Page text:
Like many states across the nation, Michigan’s electricity market started the process of electric deregulation in the early 2000s, allowing retail electricity providers to compete for electric supply customers. Yet, while other states have completed their deregulation process, Michigan is unique in that only a select number of customers are able to participate in electric choice.
Under an energy-reform law of 2008, Michigan electric utilities are only able to honor switching requests from residential and small business customers if no more than 10% of the utility’s average weather adjusted retail sales from the previous year were accounted for by shopping customers.
If the utility has reached its cap, customers are placed on a waiting list, or queue. The two smaller utilities of Michigan’s main four, Indiana Michigan Power and Upper Peninsula Power Company, currently have no customers in queue. Detroit Edison and Consumers Energy, on the other hand, have thousands of customers who are waiting to make the switch.
As of February 13, there were 5,885 residential and small business customers in queue for Consumers Energy and 4,645 in queue under Detroit Edison. This is in comparison to 3,739 and 2,646 in 2011 and 1,714 and 1,100 in 2010, respectively. While the utilities don’t publish the exact number of customers that have already switched, it can be estimated at over 6,000 for Consumers Energy and about 5,000 for Detroit Edison, according to non-cap adjusted participation percentage numbers in Michigan Public Services Commission’s 2012 Status of Electric Competition report.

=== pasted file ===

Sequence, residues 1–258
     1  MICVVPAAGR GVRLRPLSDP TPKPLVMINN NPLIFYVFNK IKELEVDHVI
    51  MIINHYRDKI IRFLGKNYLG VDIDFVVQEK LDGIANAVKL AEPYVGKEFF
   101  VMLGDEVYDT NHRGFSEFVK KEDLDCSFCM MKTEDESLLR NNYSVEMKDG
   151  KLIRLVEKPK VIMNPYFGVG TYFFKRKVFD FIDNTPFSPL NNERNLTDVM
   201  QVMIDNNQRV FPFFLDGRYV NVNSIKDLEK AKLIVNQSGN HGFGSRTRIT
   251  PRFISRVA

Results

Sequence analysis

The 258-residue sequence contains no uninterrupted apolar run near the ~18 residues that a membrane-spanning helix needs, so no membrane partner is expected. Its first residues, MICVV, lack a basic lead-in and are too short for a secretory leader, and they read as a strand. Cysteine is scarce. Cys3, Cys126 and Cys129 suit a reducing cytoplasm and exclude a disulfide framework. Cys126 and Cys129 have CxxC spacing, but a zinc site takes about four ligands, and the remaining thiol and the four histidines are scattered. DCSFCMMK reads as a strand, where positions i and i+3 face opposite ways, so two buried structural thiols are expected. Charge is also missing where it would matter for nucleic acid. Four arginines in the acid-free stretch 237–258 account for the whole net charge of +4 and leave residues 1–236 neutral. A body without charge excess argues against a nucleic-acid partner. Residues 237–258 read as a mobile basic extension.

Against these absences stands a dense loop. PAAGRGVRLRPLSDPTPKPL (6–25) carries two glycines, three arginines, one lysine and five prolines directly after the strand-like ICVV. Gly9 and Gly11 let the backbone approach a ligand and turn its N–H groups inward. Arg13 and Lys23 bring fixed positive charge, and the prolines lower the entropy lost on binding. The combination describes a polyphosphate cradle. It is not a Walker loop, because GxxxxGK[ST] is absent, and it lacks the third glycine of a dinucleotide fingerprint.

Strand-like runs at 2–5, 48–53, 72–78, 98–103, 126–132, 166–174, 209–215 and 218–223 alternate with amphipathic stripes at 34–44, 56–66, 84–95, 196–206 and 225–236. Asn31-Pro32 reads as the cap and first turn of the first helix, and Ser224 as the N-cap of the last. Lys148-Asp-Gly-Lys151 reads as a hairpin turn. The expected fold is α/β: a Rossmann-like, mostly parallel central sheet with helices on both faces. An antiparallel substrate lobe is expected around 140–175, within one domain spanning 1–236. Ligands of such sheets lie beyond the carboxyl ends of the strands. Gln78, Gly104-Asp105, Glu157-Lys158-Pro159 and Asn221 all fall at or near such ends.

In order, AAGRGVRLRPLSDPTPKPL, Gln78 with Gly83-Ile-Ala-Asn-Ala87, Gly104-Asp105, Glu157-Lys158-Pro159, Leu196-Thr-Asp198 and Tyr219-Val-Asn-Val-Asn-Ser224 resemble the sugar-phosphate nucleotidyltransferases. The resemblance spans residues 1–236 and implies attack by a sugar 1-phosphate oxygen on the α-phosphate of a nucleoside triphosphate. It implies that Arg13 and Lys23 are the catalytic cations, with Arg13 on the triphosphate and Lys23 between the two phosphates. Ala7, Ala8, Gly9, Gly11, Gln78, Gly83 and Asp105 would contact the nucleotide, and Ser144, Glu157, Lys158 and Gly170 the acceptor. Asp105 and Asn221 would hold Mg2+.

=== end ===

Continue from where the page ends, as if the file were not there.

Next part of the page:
If there were no caps, about 24% of Consumers Energy customers and about 20.5% of Detroit Edison’s customers would be participating in electric choice, up from 14% and 11.4% in 2010, respectively.
Dan Bishop, a Consumers Energy spokesman, stated that the 10% cap has allowed the utility to invest more in clean energy programs and reliability programs, but critics have warned that the caps have prevented electricity prices from lowering because of the lack of competition.
There are 26 licensed retail electricity providers in the state of Michigan. It’s assumed that many of these providers are ready to undercut their biggest competition – Detroit Edison and Consumers Energy – by providing lower electric rates to non-shopping customers.